Welcome to “Second Glance,” a bi-weekly column that spotlights an older film of note (thanks to an anniversary, a connection to a new release, or new disc or streaming availability) that was not as commercially or critically successful as it should’ve been. This week, just in time for its 25th birthday, we spotlight the wonderfully unsung neo-noir Dead Again.
When Kenneth Branagh made his film directing debut with his acclaimed 1989 adaptation of Henry V, every review in sight compared the young Belfast-born actor/director to Laurence Olivier, who’d brought several of the Bard’s best works (including Henry) to the screen decades earlier. But a lesser-made comparison to one of Olivier’s contemporaries was equally apt: Orson Welles, who made his own filmmaking debut at a dauntingly young age (Branagh was 28 when Henry V was released), and who famously described movie-making as “the biggest electric train set any boy ever had.” The sense of wanting to play with that train, to really see what it could do, is all over Branagh’s sophomore picture Dead Again (released a quarter century ago, this week), a film that Welles himself might’ve entertained as one of his own between-Shakespeare pictures.
Dead Again was only the second produced screenplay by Scott Frank, the brilliant screenwriter who went on to pen Malice (with Aaron Sorkin), adapt Out of Sight, Get Shorty, and Minority Report, and write and direct the grotesquely underrated The Lookout and A Walk Among the Tombstones. It feels very much like an early screenplay, in the best possible way – you can feel Frank doing his best to dazzle potential buyers on every page with juicy twists, ingenious construction, jazzy dialogue, and colorful characters. And Branagh’s direction gleefully follows suit.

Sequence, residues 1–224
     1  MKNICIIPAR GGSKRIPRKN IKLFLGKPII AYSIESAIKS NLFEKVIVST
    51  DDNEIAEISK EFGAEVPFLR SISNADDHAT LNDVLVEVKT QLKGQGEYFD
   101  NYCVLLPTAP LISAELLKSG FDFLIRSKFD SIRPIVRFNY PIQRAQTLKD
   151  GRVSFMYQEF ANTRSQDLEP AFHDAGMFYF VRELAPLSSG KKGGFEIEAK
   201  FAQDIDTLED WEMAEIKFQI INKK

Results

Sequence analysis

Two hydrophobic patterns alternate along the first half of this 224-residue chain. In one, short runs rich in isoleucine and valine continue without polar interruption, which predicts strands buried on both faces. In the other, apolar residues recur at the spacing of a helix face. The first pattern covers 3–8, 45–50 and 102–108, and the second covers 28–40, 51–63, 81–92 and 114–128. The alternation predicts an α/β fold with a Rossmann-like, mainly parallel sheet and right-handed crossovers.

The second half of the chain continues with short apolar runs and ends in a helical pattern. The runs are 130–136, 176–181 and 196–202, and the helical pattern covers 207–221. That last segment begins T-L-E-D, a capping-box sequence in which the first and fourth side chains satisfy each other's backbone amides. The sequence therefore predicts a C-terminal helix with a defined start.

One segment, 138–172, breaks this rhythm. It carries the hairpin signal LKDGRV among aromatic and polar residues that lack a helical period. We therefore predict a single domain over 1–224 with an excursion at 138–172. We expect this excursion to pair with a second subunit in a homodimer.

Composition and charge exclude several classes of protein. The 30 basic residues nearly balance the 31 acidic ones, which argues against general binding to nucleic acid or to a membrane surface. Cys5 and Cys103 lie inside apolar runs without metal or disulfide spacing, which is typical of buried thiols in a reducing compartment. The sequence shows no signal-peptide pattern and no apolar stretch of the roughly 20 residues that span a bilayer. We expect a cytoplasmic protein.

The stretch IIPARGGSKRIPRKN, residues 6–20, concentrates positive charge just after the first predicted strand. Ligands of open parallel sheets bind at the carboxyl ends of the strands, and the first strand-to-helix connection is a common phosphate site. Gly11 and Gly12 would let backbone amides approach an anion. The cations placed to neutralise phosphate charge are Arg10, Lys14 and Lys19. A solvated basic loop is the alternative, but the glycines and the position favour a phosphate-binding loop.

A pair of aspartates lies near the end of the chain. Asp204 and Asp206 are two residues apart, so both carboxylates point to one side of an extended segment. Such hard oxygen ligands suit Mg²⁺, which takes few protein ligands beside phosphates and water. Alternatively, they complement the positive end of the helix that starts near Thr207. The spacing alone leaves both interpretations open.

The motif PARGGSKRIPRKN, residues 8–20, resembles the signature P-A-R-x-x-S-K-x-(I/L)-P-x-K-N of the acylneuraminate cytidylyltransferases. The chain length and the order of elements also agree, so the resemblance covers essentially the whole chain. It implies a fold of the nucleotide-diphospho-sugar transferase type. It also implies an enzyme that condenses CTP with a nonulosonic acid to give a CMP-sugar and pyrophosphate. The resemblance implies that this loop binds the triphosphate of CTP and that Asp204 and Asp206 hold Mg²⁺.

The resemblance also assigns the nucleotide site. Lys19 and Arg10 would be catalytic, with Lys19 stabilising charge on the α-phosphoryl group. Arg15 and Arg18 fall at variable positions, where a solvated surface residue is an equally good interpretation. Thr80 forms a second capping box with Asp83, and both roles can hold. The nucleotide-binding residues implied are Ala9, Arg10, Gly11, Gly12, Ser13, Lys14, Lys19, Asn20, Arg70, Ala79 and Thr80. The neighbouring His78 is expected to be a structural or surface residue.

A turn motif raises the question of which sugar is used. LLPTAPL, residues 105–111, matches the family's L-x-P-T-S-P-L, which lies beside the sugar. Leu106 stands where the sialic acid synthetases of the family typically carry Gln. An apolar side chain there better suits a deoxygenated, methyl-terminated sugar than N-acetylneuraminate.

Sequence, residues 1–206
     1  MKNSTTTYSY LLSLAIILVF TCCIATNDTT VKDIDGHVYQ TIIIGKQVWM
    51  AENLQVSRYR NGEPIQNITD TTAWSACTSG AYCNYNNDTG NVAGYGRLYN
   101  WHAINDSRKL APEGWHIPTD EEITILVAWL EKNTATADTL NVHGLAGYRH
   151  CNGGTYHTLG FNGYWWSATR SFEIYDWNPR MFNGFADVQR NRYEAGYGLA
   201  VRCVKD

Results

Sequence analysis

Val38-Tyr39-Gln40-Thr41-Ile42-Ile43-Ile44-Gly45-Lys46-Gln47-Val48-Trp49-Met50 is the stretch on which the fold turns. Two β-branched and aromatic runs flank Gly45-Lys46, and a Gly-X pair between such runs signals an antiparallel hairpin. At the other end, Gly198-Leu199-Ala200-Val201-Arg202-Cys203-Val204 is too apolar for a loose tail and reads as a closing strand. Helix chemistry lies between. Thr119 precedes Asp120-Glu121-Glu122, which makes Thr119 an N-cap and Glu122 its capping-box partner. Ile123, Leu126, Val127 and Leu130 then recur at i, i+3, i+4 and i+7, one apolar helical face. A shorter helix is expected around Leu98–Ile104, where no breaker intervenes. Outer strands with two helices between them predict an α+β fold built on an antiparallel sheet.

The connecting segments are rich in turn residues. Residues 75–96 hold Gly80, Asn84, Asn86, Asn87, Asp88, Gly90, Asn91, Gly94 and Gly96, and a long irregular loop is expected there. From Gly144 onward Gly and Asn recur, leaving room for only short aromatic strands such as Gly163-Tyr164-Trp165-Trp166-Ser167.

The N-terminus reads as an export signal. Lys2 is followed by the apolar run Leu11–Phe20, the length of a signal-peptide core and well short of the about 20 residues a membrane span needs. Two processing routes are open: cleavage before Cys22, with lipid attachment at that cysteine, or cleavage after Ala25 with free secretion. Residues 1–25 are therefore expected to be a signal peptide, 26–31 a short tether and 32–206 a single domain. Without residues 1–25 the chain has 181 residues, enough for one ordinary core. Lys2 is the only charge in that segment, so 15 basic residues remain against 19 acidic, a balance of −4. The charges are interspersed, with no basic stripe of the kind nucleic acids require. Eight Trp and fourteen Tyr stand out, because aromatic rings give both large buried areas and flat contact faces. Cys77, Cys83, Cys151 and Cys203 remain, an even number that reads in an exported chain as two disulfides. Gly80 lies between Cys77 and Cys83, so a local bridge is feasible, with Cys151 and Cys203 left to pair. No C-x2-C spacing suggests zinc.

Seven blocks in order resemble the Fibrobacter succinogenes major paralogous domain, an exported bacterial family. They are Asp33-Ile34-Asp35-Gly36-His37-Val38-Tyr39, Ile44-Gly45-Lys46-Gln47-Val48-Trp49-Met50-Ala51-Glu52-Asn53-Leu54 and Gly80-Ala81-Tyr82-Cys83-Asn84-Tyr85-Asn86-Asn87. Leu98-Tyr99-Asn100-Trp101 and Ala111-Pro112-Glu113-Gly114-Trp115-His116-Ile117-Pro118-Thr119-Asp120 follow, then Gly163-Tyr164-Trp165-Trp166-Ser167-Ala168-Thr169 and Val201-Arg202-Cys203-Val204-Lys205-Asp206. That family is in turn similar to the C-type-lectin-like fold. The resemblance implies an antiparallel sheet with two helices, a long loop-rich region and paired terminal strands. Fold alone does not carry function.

The story they are telling begins as a very standard private eye chestnut – albeit one set in contemporary Los Angeles. Mike Church (Branagh) is a not-quite-hardboiled gumshoe who is called by the higher-ups at his childhood orphanage to figure out the identity of a mysterious woman (Emma Thompson, Branagh’s then-collaborator and wife) who ended up in their care. He doesn’t have much luck, until an antique-dealing hypnotist (Derek Jacobi) turns up, and manages to transport her into a past life, where she discovers she was Margaret, a musician (also played by Thompson), married to brilliant composer Roman (also played by Branagh), who ended up murdering her. And just as her present-day iteration begins to fall for the man who’s saving her, she becomes convinced that, due to their shared past, he’s fated to kill her again.
If that premise sounds ridiculous, don’t worry – Branagh (and, presumably, Frank) know it is, and don’t seem to mind much. This is a movie that winks at us, to be sure (more on that presently), but only in the writing and directing; Branagh and the rest of the cast play it charmingly straight. He and Thompson get dream assignments – playing two characters in two time periods with two different accents (American in the contemporary strand, German and British in the throwback), and exploring all the connections and fissures in both. To their credit, they create compelling, individual characterizations, and have unsurprisingly potent onscreen chemistry.